Police Brutality: Black, Blue, or All Lives?

Beginning with the tragic death of 17 year old Trayvon Martin in 2012, the past few years have seen an increased amount of publicized deaths of unarmed Black people — children, teenagers, and adults. Now, four years since Martin’s death, there have been at least four more highly publicized deaths — Tamir Rice (12 years old, Ohio); Eric Garner (43 years old, New York), Sandra Bland (28 years old, Texas); Mike Brown (18 years old, Missouri). These deaths have prompted the creation of the Black Lives Matter movement, and subsequently movements that aim to spread different messages, such as the All Lives Matter movement, and the Blue Lives Matter movement. The Black Lives Matter movement aims to center the Black experience and focus on police brutality in America, while the All Lives Matter movement aims to counter the Black Lives Matter movement, by not specifically focusing on Black Lives. The Blue Lives Matter movement aims to focus on the risk that police officers incur every day while working in the streets. In terms of framing, each movement chooses a specific focus in alienation of the other — all three sides of the issue at hand, police brutality, lack the inclusion of the specific perspective of the others that would provide a comprehensive look at the issue.

What does the issue look like in the media?

  1. All Lives Matter:
    The main response to the Black Lives Matter movement is the All Lives Matter movement. The All Lives Matter movement states that the attention should not be solely on Black people and their lives, because the importance of human life is not exclusive. An article titled “How Would Dr. King Have Felt about ‘Black Lives Matter’” frames the movement within the context of Dr. King’s teachings, stating that his viewpoints would have been different than what Black leaders’ stances are today. The author sends of a message of credibility to his readers, mentioning at the beginning his career as a former Civil Rights worker. He states that Dr. King would have advocated for integration, and the leaders of the Black Lives Matter Movement are separatists. The diction in this article — words such as separatist and integrationist are repeated to reach a point about the author’s belief in division. Dr. King’s ideals is used as the primary framing tool, as a relatable person for all readers, further underscoring the author’s point about integration. The author states that Dr. King would have more than likely supported All Lives Matter instead of Black Lives Matter. He mentions the latter by way of pointing out its flaws.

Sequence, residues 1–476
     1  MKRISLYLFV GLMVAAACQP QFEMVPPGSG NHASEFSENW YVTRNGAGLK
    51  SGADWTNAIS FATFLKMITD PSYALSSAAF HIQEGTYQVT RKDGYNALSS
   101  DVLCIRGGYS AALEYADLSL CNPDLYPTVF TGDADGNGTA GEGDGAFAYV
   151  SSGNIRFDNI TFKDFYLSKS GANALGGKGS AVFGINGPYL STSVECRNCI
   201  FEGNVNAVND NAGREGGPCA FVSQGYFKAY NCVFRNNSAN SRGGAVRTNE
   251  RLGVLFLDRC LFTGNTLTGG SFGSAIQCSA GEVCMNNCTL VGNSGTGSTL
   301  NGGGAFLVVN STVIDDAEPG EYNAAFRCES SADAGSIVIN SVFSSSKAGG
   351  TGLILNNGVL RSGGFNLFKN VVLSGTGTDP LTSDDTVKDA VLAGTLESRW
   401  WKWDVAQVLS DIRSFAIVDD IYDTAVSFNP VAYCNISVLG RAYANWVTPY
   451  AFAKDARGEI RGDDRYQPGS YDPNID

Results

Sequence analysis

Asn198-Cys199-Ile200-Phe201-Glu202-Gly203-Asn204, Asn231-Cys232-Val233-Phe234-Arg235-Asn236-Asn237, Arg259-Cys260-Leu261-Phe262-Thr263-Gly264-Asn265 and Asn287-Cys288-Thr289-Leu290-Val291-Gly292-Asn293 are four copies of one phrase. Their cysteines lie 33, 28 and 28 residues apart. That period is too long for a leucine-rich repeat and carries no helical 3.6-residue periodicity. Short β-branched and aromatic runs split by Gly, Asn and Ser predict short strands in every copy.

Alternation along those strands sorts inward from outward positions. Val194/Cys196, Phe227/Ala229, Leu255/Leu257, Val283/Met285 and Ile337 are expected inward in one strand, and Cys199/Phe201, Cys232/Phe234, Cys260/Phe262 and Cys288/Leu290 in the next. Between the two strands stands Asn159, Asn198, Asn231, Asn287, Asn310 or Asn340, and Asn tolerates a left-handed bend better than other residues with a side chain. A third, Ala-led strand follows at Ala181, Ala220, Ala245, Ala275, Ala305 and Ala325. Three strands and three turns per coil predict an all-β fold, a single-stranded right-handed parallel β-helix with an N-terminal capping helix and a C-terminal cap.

Read this article here: https://pjmedia.com/diaryofamadvoter/2016/01/17/mlk-versus-blm/;

2. Blue Lives Matter

The Blue Lives Matter movement is a response to the Black Lives Matter Movement. Its central message states that police lives should be getting widespread attention, as police officers put their lives on the line every day. In this article, popular food chain Chick-Fil-A, has given its employees Blue Lives Matter t-shirts to wear while they are working. The shirts read “Go Blue or Go Home” and “Back the Blue.” The article is written objectively, but one of the opening sentences mentions states that “tensions between the Black Lives Matter movement and law enforcement around the nation [are] still high,” alluding to the idea that the sides have opposing views. The article includes a picture of an employee wearing the shirt, Chick-Fil-A’s cow and a small boy wearing a shirt, and also features tweets from members within the community who are supportive of the decision. All images feature White people, which may be an underlying message; the primary Tweet used features a white police officers who states that Chick_Fil-A is one of the only places he feels comfortable eating when he is on duty. The article does mention an instance of a Starbucks worker writing #blacklivesmatter on a police officer’s coffee cup in Providence, Rhode Island. Additionally, the article connects the purpose of the shirts to also supporting the local high school football team, to frame the movement as wholesome and positive. The site itself reports objectively for the most part, but frames issues from a conservative point of view (it repeatedly reports on conservative figured and issues in the United States, more so than liberal ones). It conclusion, this article frames Blue Lives Matter as positive and community-oriented, but does not include the perspective of the Black Lives Matter movement.